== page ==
The book is comprised of two intertwining narratives. One concerns artist Bartók's mother, Norma Herr, and her struggle with mental illness. The other examines the author's midlife struggle with a traumatic brain injury. Norma was a gifted pianist whose musical career came to an unexpected end when she was diagnosed with schizophrenia at age 19. In the lucid intervals between the debilitating episodes of her illness, Norma—who married an equally gifted alcoholic—fostered a love of art in her two daughters. In so doing, she gave both girls the tools to survive her illness and their father's abandonment. Throughout their childhood and adolescence, Bartók and her sister used art as a coping mechanism for dealing with their mother's illness. As Norma's condition worsened, escape from domestic turbulence became more difficult. In an act of radical self-preservation, the sisters changed their names and severed nearly all ties with Norma; letters sent via PO Box became the only way they communicated with her. As a young adult, Bartók forged a life as a peripatetic artist haunted by the fear that her mother would find her. At age 40, she was involved in a car accident that left her with a speech and memory-impairing brain injury. From that moment on, her greatest challenge became recollection, which manifested textually as a slightly exaggerated concern with descriptive detail. She and her sister then discovered that their now-homeless mother was dying of cancer, and both decided to see her, 17 years after their decision to disappear from Norma's life. By chance, Bartók found a storage unit filled with her mother's letters, journals and personal effects—a veritable palace of memories. The artifacts she uncovered helped her to better understand her mother, and herself, and find the beginnings of a physical and emotional healing that had eluded her for years.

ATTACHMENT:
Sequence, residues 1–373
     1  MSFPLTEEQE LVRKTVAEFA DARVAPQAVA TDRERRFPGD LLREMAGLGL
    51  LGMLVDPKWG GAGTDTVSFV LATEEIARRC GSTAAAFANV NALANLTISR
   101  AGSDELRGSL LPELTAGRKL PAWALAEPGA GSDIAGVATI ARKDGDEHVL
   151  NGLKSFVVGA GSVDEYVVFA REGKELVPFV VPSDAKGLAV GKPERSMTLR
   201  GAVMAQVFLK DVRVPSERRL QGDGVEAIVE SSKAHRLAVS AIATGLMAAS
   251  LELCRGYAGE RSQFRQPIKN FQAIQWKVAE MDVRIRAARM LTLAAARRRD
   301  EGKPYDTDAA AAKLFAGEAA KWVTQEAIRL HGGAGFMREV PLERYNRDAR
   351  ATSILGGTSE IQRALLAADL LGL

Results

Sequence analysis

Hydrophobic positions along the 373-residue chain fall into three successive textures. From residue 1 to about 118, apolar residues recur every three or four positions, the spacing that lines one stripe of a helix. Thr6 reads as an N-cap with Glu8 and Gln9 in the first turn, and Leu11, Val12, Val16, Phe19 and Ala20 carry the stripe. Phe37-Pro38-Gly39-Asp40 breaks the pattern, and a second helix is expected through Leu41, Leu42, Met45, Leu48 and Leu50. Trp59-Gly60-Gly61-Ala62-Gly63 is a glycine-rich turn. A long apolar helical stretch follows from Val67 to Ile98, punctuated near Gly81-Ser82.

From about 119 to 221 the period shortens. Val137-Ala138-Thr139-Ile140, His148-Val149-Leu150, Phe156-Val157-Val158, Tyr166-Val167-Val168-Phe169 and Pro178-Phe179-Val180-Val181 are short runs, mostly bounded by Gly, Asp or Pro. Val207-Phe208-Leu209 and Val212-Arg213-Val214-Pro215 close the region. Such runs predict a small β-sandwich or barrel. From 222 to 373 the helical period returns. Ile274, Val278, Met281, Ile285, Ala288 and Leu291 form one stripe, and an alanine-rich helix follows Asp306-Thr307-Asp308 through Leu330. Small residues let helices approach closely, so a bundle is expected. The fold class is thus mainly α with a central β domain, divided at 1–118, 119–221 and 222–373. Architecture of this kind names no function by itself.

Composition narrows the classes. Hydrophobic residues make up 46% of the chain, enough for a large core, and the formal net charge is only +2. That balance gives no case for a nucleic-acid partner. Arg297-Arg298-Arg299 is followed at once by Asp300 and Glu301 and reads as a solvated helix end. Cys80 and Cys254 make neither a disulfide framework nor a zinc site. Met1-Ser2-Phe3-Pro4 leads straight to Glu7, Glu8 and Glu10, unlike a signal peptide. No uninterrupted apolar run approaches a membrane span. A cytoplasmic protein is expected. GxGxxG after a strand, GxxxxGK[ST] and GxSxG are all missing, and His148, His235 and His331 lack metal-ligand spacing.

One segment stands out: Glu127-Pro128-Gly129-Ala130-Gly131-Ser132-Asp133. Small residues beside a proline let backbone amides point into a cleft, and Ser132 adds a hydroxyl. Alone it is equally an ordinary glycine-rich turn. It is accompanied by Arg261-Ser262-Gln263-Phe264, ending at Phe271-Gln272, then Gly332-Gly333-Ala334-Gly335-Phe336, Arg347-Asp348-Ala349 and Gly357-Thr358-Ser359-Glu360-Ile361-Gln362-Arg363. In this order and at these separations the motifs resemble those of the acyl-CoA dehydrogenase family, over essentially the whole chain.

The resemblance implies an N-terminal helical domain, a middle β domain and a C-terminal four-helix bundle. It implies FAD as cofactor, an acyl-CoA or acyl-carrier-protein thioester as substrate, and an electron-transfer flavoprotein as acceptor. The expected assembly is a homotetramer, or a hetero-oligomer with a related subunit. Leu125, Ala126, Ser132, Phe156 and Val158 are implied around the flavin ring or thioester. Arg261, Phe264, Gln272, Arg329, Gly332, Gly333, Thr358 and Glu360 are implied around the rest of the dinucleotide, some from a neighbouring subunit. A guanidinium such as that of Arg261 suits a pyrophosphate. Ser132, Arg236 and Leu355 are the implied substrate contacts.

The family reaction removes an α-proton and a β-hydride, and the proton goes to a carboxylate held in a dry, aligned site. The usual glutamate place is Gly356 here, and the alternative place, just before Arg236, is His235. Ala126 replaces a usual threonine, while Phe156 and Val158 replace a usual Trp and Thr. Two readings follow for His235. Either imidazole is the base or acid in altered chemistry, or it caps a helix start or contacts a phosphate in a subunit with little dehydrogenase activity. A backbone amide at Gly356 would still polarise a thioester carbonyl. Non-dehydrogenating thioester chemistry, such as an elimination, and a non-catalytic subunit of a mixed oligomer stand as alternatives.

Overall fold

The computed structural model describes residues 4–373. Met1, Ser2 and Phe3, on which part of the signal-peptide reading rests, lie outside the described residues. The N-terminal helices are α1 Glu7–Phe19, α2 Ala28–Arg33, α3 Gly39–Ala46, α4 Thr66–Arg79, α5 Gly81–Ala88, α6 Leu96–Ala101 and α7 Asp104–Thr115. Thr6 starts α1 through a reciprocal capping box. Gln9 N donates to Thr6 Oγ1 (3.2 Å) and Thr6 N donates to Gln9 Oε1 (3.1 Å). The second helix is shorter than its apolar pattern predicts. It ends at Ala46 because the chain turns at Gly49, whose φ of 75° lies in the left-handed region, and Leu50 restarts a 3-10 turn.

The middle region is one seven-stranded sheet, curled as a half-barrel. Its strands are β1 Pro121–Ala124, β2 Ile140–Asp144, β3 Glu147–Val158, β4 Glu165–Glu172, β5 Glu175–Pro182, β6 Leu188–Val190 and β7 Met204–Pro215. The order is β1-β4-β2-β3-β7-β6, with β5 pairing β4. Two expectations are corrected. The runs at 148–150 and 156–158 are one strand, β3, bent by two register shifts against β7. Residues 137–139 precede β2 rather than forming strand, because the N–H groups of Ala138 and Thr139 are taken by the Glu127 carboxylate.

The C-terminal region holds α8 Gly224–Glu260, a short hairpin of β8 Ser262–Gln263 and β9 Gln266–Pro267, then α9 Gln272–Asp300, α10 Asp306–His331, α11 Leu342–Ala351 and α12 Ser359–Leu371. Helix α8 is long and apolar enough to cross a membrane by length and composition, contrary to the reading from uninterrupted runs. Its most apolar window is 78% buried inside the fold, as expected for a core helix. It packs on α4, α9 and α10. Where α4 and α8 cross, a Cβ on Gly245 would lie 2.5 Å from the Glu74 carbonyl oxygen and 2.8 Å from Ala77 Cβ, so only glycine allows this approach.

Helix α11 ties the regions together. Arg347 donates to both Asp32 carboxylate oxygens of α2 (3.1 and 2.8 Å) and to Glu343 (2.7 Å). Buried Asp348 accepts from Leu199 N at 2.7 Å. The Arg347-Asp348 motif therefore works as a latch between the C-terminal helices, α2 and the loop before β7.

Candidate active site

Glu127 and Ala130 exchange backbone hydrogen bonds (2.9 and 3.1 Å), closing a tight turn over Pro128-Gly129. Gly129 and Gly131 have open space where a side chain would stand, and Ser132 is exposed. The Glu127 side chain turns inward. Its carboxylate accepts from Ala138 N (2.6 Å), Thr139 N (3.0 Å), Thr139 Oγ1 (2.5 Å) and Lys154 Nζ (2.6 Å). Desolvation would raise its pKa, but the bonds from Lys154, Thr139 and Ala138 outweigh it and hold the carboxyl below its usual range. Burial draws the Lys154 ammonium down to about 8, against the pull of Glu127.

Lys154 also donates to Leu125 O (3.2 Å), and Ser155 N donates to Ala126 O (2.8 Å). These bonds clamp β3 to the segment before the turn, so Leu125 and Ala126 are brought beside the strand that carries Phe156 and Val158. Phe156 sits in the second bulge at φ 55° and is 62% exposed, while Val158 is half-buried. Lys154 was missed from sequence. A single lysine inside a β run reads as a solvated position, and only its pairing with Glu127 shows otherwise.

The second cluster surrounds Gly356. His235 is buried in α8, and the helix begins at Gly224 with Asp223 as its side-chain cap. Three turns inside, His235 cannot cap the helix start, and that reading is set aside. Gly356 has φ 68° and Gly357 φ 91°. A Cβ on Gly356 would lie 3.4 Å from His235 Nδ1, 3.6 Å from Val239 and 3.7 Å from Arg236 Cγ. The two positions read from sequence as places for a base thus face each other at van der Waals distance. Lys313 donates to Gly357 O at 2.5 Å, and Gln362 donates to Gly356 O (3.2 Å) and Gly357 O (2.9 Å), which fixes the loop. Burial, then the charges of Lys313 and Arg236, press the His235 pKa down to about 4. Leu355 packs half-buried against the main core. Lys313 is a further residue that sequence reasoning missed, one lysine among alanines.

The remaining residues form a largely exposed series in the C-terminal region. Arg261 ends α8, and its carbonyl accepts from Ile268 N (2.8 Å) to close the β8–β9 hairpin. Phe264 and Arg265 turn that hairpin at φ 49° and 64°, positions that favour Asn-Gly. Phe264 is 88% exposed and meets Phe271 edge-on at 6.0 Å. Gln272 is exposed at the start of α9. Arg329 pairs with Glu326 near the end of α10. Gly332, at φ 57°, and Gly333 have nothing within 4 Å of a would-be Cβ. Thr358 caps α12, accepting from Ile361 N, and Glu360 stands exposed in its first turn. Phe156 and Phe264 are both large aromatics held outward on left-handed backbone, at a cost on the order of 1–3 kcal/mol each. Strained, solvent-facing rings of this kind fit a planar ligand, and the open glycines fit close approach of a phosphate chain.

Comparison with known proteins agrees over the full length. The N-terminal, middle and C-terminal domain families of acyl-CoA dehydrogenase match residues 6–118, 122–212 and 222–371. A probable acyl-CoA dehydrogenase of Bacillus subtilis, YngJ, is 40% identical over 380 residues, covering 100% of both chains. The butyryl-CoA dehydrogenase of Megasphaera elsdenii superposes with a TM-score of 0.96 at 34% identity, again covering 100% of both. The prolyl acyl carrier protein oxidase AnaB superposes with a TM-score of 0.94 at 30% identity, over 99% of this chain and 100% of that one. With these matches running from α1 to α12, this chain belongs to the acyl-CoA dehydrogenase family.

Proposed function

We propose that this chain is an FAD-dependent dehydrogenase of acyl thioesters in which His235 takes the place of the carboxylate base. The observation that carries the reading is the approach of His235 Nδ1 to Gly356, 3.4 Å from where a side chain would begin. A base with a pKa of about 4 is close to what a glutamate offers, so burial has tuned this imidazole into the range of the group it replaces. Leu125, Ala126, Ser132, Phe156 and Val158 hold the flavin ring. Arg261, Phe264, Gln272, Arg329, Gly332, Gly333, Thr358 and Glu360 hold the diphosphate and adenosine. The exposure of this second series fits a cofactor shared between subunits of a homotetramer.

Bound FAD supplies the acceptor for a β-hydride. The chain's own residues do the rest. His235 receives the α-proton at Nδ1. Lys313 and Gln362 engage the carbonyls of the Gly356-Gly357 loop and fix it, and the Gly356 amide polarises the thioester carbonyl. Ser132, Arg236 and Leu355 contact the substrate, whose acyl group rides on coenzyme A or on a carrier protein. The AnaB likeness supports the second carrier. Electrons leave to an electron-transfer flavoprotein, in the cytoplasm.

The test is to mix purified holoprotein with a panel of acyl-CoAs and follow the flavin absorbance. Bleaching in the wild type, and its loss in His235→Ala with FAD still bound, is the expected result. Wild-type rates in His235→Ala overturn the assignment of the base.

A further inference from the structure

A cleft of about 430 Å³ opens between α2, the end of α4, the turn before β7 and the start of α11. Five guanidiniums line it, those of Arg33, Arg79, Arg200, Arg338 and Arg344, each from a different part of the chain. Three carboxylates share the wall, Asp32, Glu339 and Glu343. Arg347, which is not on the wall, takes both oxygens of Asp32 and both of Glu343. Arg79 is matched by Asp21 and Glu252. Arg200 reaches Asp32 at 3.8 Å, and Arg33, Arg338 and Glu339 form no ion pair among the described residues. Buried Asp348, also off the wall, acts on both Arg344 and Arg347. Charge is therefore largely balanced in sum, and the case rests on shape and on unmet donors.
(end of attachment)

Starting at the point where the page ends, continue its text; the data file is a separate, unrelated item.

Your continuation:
Richly textured, compassionate and heartbreaking.
The New York Times
- Free Press
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- 9.26(w) x 6.60(h) x 1.11(d)
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A homeless woman, let’s call her my mother for now, or yours, sits on a window ledge in late afternoon in a working-class neighborhood in Cleveland, or it could be Baltimore or Detroit. She is five stories up, and below the ambulance is waiting, red lights flashing in the rain. The woman thinks they’re the red eyes of a leopard from her dream last night. The voices below tell her not to jump, but the ones in her head are winning. In her story there are leopards on every corner, men with wild teeth and cat bodies, tails as long as rivers. If she opens her arms into wings she must cross a bridge of fire, battle four horses and riders. I am a swan, a spindle, a falcon, a bear. The men below call up to save her, cast their nets to lure her down, but she knows she cannot reach the garden without the distant journey. She opens her arms to enter the land of birds and fire. I will become wind, bone, blood, and memory. And the red eyes below are amazed to see just how perilously she balances on the ledge—like a leaf or a delicate lock of hair.
Every passion borders on chaos, that of the collector
on the chaos of memory.
© 2011 Mira BartÓk